Words Sophie Dunsford
Photos Kim Anderson – Shoot The Wicked Witch
The Astor Theatre is no stranger to live music and the forecast for the evening was cloudy with a chance of rock and roll hysteria. With bands on two stages, fans were sure to get a workout running up and down the stairs to catch their favourite local acts as well as interstate guests Hard-Ons and internationally acclaimed Meat Puppets.
On the main theatre stage, The Painkillers were entertaining a few eager punters who were ready for the long night ahead. Unfazed by the small numbers, the trio performed their songs with confidence and swagger.
Meanwhile upstairs Doctopus’s lo-fi sounds filled the tiny Astor Lounge. Bassist Stephen Bellair sang into the microphone with the energy and rawness of Animal from The Muppets. He announced that he’d been fishing and swapped squid cooking tips with the audience. The next song was about the ocean. Excellent segue! Midway through the set, a music-hungry mob burst through the swing-doors like cowboys storming into a saloon. They invaded the floor space and seemed stoked with what they had discovered: Doctopus jamming like a pack of crazed wolves from the deep south of America. Back downstairs punters stood in awe as Heard of Cows, fronted by Daniel Sanders (Gyroscope), sent vibrations through the theatre floor.
The Shakeys enthralled the intimate lounge audience with their spunk, deep bass and fast-paced drumming. Vocalist Claire Hodgson sprayed beer on the floor intermittently. She stepped off the stage to work the room. The floor was wet. Would she slip? No! Her nimble-footedness ensured a safe journey back to the mic stand.
After a short break, Axe Girl rocked the room in the most beautiful way. Addison Axe is confident, charismatic and has perfected her natural awesomeness. Axe is backed up by a talented bassist and drummer; combined this band has plenty of rock-i-tude. Axe Girl’s catchy hooks had everyone singing along and grooving on the spot. May they continue to shine in the Perth music scene and beyond!
Those in the know pushed past the mingling bar crowd and ran back downstairs to the main theatre just in time to hear The Love Junkies in the middle of Heads Down. It was an explosive start, and things just got better from there. Guitarist Mitch McDonald and bassist Robbie Rumble have a way of rocking out to their own music, appearing to get dizzy and trip over the sound waves they create. The set included Chemical Motivation from their new Flight Test EP, showing off their diversity in singing styles ranging from slow and sweet melodies to rapid heavy screeching. As usual, McDonald’s antics became wilder and wilder, completely taken over by the music; he still somehow managed to maintain enough control to play without missing a chord or word. The Love Junkies are always pure joy to watch and crowds soak up their thunderous energy like rabid sponges.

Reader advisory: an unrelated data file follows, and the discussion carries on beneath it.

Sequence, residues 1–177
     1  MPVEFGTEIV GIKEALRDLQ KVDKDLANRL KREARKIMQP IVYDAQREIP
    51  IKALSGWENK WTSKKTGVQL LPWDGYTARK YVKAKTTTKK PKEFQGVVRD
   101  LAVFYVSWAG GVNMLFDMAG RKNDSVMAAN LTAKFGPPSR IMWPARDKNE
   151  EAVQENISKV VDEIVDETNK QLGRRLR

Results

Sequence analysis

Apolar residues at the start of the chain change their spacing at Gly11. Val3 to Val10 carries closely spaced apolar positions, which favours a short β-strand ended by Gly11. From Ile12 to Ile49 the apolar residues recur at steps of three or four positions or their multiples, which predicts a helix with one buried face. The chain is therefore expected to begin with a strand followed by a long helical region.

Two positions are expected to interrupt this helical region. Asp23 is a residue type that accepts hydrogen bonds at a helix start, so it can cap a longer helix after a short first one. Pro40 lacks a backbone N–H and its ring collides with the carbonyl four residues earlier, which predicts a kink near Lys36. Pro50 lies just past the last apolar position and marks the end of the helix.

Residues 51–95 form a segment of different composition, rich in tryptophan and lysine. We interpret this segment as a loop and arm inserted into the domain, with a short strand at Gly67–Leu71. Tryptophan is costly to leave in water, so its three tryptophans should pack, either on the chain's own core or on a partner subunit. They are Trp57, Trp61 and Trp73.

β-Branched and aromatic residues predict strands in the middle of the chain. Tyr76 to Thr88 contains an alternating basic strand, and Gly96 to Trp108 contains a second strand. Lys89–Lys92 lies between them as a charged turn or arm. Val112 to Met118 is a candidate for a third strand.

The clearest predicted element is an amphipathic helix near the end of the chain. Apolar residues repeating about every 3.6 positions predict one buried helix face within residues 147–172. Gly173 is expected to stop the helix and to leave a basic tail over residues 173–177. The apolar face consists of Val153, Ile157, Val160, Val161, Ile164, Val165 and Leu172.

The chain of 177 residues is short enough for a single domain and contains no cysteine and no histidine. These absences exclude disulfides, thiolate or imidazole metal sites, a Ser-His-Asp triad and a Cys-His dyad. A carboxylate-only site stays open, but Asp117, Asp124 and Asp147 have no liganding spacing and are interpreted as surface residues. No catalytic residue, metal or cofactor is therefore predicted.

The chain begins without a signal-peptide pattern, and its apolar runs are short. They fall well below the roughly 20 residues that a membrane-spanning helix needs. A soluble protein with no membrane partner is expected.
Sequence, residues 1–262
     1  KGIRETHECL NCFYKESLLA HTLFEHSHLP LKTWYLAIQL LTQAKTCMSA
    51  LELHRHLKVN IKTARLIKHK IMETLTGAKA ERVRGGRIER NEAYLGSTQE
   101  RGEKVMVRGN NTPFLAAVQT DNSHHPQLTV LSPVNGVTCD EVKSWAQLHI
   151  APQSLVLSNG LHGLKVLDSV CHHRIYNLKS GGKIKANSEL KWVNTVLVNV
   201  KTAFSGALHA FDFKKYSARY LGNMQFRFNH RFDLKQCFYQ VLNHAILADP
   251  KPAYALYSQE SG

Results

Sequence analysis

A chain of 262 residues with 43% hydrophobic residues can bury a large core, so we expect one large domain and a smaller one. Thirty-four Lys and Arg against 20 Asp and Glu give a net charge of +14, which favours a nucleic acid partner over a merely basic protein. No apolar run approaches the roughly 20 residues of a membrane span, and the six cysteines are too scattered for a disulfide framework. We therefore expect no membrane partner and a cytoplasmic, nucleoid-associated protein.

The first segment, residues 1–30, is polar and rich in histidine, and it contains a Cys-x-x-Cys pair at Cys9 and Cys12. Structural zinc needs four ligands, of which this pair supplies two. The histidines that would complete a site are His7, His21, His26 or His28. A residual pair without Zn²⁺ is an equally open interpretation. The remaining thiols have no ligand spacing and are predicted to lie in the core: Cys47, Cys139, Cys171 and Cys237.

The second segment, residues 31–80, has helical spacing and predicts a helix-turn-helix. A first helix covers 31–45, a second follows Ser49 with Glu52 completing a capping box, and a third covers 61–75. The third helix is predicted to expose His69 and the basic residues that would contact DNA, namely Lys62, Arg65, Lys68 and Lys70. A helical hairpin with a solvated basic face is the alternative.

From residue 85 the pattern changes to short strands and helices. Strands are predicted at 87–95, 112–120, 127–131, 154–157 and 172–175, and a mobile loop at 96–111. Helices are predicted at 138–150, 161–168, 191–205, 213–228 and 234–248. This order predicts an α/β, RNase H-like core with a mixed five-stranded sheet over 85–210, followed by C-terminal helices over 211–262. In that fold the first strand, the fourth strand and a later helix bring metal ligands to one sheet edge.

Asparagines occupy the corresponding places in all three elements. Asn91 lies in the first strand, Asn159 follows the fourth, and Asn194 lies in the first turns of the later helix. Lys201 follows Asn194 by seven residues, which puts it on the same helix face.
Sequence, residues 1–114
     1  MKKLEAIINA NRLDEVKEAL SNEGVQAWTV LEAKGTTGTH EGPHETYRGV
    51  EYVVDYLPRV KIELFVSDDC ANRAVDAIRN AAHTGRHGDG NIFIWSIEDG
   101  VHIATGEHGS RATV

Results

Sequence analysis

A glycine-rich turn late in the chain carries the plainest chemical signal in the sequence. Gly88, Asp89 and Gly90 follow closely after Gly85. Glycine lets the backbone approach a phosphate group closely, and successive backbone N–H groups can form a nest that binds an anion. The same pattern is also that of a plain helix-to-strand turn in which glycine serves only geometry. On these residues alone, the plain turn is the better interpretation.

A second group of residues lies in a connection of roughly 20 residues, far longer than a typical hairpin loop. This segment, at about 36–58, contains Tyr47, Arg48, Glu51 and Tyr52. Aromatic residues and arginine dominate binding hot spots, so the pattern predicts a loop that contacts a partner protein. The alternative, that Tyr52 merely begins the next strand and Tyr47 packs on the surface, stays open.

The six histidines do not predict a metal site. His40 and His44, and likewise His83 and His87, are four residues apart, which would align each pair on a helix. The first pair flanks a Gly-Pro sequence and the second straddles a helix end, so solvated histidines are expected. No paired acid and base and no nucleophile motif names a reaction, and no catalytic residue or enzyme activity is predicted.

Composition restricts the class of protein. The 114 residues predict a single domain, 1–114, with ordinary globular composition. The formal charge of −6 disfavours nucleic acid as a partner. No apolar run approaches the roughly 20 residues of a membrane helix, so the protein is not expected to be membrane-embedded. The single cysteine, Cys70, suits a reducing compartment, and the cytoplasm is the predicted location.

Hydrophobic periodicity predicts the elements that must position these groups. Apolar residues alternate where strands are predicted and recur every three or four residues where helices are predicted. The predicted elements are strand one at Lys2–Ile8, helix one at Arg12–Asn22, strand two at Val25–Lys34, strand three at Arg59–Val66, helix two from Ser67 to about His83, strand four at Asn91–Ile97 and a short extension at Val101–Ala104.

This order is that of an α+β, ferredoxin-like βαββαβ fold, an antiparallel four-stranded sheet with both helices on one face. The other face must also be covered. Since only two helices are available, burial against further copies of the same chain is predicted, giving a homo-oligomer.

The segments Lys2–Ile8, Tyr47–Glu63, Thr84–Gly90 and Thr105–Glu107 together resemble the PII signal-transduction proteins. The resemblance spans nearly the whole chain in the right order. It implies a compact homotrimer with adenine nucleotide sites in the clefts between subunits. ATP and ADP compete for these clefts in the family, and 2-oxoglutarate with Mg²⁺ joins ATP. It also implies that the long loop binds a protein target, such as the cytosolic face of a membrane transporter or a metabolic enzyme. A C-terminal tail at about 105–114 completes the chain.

The theatre was certainly the right setting for dramatic punk band FAIM, who returned from a national tour the previous day. Somehow, front man Noah Skape found the energy to hold the audience in a spellbound trance as he and the band ripped through a lively set. Skape, who spent most of the time amongst the crowd, worked himself into such a frenzy during Bowerbird that he finished the song tangled in the microphone cord. Photographers frantically chased him around the room trying to capture the perfect shot. FAIM are launching their new single next Friday, 13th July.
After a run of high quality local music, it was time for the revered Hard-Ons to take to the stage. The room was packed! People could barely squeeze through the door to catch a glimpse of the Australian punk icons. Photographers fought the mosh and tiptoed around puddles of spilled beer. Keish de Silva stood proud with his sideburns and swagger, like a punk rock Elvis Presley. De Silva queried the crowd “How’s everybody? Y’all right?” I’m sure he could tell by the way they were dancing that they were more than all right. Three decades of hits provided plenty of material for Hard-Ons to work with, and band members shared stage banter about how old they were getting. By now, energy in the audience had hit a peak and a couple off to the side was attempting some sort of crazed punked-up swing dance. Wow! This packed little party was raging!
While the euphoria continued upstairs, an exhausted few waited in the main theatre for the legendary Meat Puppets to arrive on stage. All was quiet. A steady stream of people started to enter. Anticipation! Finally, Meat Puppets arrived on stage. The wait was over – excited fans raced to the stage and it was on! The classic rock sounds of Meat Puppets resonated through the air. It was quite a calm affair compared to the previous bands. The country vibe in Coming Down really got the crowd going with swaying, bopping and even some mild jigging. As they worked through their three-decade repertoire and held a captive audience, Meat Puppets proved that they have become older but haven’t aged.